According to a recent analysis by advocacy group, Public Citizens for Children in Youth (PCCY), the number of children attending charter schools in the four counties surrounding Philadelphia has increased for 15 consecutive years. Once associated with urban education, charter schools have now become popular in the suburbs as well.
The PCCY analysis, called “Uncharted Territory,” reveals that 15,725 students from Bucks, Chester, Delaware, and Montgomery counties were enrolled in charter schools in 2016.
While much of the activity is in Delaware and Chester counties, Chester-Upland is the only suburban district in which most of public school students attend charter schools. However, 13 other districts, including the Coatesville Area, Bensalem Township, and Avon Grove, have five percent of students or more attending charter schools. In 2016, the suburban school districts made charter payments totaling $217 million, and charter school costs have increased by $73 million over the past five years.
Charter schools were introduced in Pennsylvania in 1997, intended to be independent focal points of innovation. Over the years, Philadelphia has remained number one in terms of charter students, with 70,000 of its 202,000 students enrolled, which amounts to 35 percent. However, suburban charter schools continue to add about 920 students each year, consistently.
The PCCY report sought to examine whether charter schools are an “effective and efficient use of taxpayer money in the southeast Pennsylvania suburbs”.
While the report did not seek to answer why more suburban families are enrolling their children in charters, PCCY’s executive director believes that suburban families are seeking alternatives due to the financial burden placed on school districts. She explains that there has been an increase in poverty in some suburban districts, causing there to be less money available to students with more complex needs. Parents who do not believe their school district has adequate resources to educate their child may consider sending their child to a nearby charter.
A Pennsylvania senator and charter supporter agrees that districts are struggling to provide quality education to an increasingly diverse population.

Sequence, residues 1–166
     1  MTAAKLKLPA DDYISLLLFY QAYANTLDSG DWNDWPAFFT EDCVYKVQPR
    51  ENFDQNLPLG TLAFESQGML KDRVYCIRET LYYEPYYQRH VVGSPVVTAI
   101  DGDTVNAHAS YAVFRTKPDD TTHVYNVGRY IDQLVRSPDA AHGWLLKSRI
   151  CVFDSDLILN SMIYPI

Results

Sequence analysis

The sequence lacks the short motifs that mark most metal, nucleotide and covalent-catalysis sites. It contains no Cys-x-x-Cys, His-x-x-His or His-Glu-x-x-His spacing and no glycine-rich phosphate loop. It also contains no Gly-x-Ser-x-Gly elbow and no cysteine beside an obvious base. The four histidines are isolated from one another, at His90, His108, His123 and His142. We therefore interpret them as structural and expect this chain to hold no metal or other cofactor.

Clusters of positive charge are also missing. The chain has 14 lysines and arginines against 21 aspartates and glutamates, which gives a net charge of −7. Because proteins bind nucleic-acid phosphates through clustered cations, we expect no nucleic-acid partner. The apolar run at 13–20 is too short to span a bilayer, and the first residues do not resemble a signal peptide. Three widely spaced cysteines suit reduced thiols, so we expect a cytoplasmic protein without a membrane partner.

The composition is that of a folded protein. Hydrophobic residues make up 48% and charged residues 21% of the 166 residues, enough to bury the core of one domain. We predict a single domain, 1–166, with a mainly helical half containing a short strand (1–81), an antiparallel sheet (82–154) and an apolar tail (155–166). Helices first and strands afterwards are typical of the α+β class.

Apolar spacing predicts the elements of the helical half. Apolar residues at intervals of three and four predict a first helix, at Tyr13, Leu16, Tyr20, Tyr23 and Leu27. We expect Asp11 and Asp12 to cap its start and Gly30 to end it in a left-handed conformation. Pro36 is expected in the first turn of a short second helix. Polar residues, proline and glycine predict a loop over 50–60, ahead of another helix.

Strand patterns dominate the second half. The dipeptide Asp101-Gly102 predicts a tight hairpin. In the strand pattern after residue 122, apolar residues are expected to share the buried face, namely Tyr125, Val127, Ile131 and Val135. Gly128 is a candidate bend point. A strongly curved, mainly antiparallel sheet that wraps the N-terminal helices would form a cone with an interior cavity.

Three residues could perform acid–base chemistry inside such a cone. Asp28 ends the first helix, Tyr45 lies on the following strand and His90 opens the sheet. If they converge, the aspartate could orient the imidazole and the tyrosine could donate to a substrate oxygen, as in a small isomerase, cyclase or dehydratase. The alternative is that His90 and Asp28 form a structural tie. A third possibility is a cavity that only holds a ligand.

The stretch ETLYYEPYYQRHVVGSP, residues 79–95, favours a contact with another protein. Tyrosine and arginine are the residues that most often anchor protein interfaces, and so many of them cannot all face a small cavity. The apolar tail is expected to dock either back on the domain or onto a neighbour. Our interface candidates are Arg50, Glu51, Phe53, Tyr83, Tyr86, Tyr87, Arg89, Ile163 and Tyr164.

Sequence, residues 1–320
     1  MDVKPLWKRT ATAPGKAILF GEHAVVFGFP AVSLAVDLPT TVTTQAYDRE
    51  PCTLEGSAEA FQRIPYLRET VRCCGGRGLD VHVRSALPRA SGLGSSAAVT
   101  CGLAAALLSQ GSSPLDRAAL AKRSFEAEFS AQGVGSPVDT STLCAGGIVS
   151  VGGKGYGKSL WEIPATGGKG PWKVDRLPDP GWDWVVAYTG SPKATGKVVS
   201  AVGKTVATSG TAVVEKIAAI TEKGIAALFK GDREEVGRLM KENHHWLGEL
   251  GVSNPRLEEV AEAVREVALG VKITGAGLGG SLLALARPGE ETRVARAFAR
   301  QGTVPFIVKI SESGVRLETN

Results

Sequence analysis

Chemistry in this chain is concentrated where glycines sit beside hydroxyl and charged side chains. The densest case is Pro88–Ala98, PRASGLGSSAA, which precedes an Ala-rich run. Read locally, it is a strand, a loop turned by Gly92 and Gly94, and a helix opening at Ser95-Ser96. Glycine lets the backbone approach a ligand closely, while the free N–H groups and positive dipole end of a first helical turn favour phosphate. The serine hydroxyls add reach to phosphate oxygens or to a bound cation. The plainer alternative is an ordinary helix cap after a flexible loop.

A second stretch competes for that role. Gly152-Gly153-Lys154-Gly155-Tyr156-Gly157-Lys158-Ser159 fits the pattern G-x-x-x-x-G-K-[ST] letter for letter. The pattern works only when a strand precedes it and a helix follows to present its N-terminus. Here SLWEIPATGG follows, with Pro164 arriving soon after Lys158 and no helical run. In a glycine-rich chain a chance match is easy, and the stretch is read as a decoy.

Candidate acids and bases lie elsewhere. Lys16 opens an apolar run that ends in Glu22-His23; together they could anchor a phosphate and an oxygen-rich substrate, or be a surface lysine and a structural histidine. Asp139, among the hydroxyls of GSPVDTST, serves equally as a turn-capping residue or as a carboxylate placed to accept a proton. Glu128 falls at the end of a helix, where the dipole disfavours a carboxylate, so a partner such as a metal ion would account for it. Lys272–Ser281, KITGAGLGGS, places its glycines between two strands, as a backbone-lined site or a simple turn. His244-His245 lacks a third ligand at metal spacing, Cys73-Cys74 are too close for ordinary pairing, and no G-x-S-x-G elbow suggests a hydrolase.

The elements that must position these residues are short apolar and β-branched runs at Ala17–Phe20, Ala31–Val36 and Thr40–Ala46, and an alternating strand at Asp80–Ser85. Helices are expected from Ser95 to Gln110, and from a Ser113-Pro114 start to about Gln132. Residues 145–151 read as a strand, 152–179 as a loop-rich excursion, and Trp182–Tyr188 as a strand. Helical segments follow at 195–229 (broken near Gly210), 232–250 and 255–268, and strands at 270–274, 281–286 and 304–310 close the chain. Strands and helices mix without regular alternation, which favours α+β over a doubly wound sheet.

About three-quarters of charter students are enrolled in brick and mortar charter schools, while the remaining quarter is enrolled in cyber charter schools. Both types of charters have experienced steady growth; Chester County has 4,787 students enrolled in brick and mortar charters and 990 students enrolled in cyber charters; Delaware County has 4,351 students enrolled in brick and mortar charters and 1,380 students enrolled in cyber charters. Brick and mortar charter schools and cyber charter schools have received $50 million more and $24 million more in tuition costs than five years ago, respectively.
PCCY attributes higher costs and stagnant performance to Pennsylvania’s “weak and outdated charter school law”. The group makes several recommendations to improve the funding system and increase the academic quality of charter schools, including implementing a standardized cyber charter tuition rate, applying Pennsylvania’s public school special education funding formula to charter schools, and providing a clear definition of “high quality,” which will be used as a criterion for approval.
PCCY also suggests allowing the bottom ten percent of charters to close expediently to protect students and taxpayers from failure and allowing high quality charters to grow by giving the top ten percent more flexibility to expand.
For more information on ongoing legal issues pertaining to charter schools or legal representation on education law matters, call the Malvern charter school attorneys at MacMain, Connell & Leinhauser at 484-318-7106 or contact us online.